Devotions for Times of Crisis ~ Day 14: "When Will This End?"
“Lord, when will this end??? When will you bring this sad chapter in my life to a close? When will you lift your finger off of me and let me breath again? When will you look on me with your love and favor again? Will this ever end, or is it your intention that I live with this for the rest of my life? Will it end, and if so, then when?”
That’s the prayer born of crisis. It’s a good prayer, too. Far from being a sinful prayer, it is a prayer of honesty that reflects an underlying faith in God. One of the difficult things about a crisis in the life of a Christian is the fact that we sometimes don’t know how to pray to God. If we are already self-conscious about our prayer life, thinking that our prayers ought to be like the ones we hear in church on Sundays (which they shouldn’t be anyway), and that God only hears prayers that praise Him, then offering a prayer like the one above may seem disrespectful and even sinful.
Yet the Bible itself contains many such prayers. Here are some examples:
- "How long, O LORD? Will you forget me forever? How long will you hide your face from me? How long must I wrestle with my thoughts and every day have sorrow in my heart?" (Psalm 13:1-2a).
- "How long, O LORD? Will you be angry forever? How long will your jealousy burn like fire?" (Psalm 79:5)
- "O LORD God Almighty, how long will your anger smolder against the prayers of your people? You have fed them with the bread of tears; you have made them drink tears by the bowlful. You have made us a source of contention to our neighbors, and our enemies mock us. Restore us, O God Almighty; make your face shine upon us, that we may be saved" (Psalm 80:4-7).
- "How long, O LORD? Will you hide yourself forever? How long will your wrath burn like fire? Remember how fleeting is my life. For what futility you have created all men! What man can live and not see death, or save himself from the power of the grave? O Lord, where is your former great love, which in your faithfulness you swore to David?" (Psalm 89:46-49).
These Psalms are known as Psalms of lament (“lament”: to feel or express deep sorrow for; mourn or grieve for; to regret deeply). They give expression to the deep grief, the deep frustration, the deep sorrow and sadness that calamity or crisis bring into a believer’s life. They are part of God’s Word to us, and they can serve as a pattern for us when we, too, are in the process of lamenting troubles in our lives. This is so for two broad reasons: First, because they do give expression to our sorrows and inner doubts and fears regarding God. They show us that God wants honesty when we pray to Him. They show us that our darker emotions are not sinful in and of themselves. Secondly, because each of these Psalms of lament ends on a note of hope and faith:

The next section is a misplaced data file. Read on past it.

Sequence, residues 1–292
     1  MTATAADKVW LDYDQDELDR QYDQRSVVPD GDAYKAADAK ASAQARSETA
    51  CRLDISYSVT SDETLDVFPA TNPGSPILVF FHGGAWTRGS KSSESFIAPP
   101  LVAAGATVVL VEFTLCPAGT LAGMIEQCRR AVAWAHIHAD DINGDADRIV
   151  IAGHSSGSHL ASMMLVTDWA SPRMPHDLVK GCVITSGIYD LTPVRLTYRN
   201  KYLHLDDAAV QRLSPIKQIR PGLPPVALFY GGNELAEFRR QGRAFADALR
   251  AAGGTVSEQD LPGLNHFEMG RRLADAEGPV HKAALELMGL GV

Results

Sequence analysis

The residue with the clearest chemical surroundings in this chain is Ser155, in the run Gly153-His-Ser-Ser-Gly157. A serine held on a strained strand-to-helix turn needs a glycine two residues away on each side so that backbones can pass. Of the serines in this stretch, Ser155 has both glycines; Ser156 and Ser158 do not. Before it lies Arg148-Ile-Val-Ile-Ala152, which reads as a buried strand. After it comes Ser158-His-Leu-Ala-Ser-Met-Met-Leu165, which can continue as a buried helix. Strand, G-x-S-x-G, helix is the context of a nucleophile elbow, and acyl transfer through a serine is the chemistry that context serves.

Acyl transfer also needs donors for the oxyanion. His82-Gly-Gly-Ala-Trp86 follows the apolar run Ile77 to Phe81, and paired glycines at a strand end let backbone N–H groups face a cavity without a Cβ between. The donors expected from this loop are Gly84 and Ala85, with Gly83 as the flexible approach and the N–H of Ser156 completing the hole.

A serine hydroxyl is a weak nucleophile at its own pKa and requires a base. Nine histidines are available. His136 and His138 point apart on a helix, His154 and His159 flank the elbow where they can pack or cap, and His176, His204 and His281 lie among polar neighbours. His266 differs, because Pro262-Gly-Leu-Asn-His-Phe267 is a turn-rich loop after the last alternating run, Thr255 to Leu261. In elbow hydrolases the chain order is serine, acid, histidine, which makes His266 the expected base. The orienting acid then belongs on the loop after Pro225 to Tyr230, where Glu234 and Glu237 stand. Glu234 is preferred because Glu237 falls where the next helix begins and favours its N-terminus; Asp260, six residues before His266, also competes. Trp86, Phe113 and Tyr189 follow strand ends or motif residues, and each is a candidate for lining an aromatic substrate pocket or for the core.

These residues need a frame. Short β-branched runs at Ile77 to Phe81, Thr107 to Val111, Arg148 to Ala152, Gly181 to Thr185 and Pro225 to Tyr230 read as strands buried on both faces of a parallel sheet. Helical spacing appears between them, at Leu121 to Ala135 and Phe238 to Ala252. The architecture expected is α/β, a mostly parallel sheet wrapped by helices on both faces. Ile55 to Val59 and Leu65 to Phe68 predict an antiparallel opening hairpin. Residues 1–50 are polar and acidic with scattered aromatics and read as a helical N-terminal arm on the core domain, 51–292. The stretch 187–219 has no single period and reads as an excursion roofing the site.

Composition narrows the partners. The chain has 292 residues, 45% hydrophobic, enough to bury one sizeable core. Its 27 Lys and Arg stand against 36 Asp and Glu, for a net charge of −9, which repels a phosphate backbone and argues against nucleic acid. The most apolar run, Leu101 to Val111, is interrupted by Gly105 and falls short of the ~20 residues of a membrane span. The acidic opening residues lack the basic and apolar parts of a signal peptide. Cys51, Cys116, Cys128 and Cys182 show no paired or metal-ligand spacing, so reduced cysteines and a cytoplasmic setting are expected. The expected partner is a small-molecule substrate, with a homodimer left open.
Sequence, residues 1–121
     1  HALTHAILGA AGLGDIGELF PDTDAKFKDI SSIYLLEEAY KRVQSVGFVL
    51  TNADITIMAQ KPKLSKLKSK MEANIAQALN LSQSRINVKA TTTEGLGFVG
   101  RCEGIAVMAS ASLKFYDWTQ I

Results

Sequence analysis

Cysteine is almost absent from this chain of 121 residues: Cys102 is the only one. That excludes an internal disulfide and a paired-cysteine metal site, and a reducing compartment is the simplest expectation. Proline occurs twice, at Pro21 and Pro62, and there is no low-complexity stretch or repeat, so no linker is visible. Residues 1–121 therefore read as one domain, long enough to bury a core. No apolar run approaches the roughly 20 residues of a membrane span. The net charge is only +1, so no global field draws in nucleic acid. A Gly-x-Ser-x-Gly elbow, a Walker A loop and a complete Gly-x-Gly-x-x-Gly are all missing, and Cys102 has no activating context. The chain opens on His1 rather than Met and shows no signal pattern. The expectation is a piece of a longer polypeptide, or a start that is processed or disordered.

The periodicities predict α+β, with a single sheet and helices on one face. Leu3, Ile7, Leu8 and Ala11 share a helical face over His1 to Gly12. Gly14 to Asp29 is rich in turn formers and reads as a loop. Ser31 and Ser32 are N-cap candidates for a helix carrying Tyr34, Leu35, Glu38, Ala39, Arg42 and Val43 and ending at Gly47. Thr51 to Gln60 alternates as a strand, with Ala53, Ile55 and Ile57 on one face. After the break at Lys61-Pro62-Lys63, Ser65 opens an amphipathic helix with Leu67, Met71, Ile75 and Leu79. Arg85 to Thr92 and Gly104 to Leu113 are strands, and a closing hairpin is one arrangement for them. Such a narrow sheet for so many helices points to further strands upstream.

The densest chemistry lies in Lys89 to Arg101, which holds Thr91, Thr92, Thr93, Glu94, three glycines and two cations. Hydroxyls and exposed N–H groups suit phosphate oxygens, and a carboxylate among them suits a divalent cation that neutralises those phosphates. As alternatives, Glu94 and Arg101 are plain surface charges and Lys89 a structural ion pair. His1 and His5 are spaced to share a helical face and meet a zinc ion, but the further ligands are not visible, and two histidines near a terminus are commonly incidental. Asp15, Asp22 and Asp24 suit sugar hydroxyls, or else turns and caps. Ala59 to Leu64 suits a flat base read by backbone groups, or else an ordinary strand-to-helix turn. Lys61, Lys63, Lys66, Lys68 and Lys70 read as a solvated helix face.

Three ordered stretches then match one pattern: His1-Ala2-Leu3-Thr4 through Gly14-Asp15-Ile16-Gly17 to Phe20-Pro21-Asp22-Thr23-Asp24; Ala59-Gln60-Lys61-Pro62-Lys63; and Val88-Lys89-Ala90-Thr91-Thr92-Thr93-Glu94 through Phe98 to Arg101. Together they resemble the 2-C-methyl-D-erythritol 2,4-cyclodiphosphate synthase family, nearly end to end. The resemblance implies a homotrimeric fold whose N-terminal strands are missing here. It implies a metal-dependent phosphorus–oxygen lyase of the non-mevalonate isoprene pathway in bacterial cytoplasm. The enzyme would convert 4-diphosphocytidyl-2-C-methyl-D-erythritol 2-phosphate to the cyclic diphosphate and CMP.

- "But I trust in your unfailing love; my heart rejoices in your salvation. I will sing to the LORD, for he has been good to me" (Psalm 13:5-6).
- "Do not hold against us the sins of the fathers; may your mercy come quickly to meet us, for we are in desperate need. Help us, O God our Savior, for the glory of your name; deliver us and forgive our sins for your name's sake" (Psalm 79:8-9).
- "Restore us, O LORD God Almighty; make your face shine upon us, that we may be saved" (Psalm 80:19).
- "Remember, Lord, how your servant has been mocked, how I bear in my heart the taunts of all the nations, the taunts with which your enemies have mocked, O LORD, with which they have mocked every step of your anointed one. Praise be to the LORD forever! Amen and Amen" (Psalm 89:50-52).
Prayers like the one at the beginning of this devotion express our feelings honestly and openly. They are prayers of lament, and they run the risk of communicating our fears and doubts about God’s timing, His goodness, His purposes because we know in Jesus Christ that those fears are ultimately misplaced. God is not, in fact, angry with us; He doesn’t toy with His people or prolong their suffering; He isn’t callous toward us. Instead He is loving toward us, merciful, and gracious. We know that because of Jesus. So we know that God will help us. That is why we are bold to cry out to him in prayers of lament. They show that we are still connected to God in faith. They are doing exactly what 1 Peter 5:6-7 tells us to do: “Humble yourselves, therefore, under God's mighty hand, that he may lift you up in due time. Cast all your anxiety on him because he cares for you.”
The issue of “when”, which is the issue of timing, is in the Lord’s hands. Here we recognize that His timing isn’t our timing. His timing is based on His purposes for the world – and our part in that purpose – and for the spread of the Gospel, as well as His plans for our lives. Whenever God relieves us of our crosses of suffering – and in whatever ways He accomplishes it – we can be sure that the timing will be perfect for us, because God never does anything to us to hurt us, but always and only to help us. We are, after all, His dearly loved children!
Prayer: Father, sometimes it seems wrong to throw my fears your way; as if I’m sinning. But your Word gives me examples of how the saints of old have done the same thing, and yet all in faith. Their examples make me bold to cast my anxieties on you, too, for you care for me. Grant that my laments will not slip into accusations, and grant me the assurance that you hear my prayers for help and will answer them – not based on any merit in me, but based on the merits and promises of Your Son, my Savior, Jesus Christ. In His name I pray. Amen.